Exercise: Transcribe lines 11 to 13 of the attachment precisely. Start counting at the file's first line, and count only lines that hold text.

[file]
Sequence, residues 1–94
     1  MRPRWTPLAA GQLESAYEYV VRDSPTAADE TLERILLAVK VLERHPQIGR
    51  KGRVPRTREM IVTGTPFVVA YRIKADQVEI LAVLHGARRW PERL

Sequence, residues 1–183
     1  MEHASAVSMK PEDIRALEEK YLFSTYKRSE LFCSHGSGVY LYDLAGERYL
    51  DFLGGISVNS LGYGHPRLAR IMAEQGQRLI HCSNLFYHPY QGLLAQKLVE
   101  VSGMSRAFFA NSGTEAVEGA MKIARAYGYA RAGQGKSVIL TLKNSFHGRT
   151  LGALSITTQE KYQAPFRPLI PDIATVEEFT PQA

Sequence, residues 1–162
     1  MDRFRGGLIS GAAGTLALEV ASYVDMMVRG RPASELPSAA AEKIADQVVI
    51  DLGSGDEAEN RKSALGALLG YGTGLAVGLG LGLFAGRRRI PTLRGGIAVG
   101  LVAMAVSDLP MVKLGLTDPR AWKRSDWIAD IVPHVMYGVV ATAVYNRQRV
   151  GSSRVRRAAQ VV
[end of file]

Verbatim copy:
    51  DLGSGDEAEN RKSALGALLG YGTGLAVGLG LGLFAGRRRI PTLRGGIAVG
   101  LVAMAVSDLP MVKLGLTDPR AWKRSDWIAD IVPHVMYGVV ATAVYNRQRV
   151  GSSRVRRAAQ VV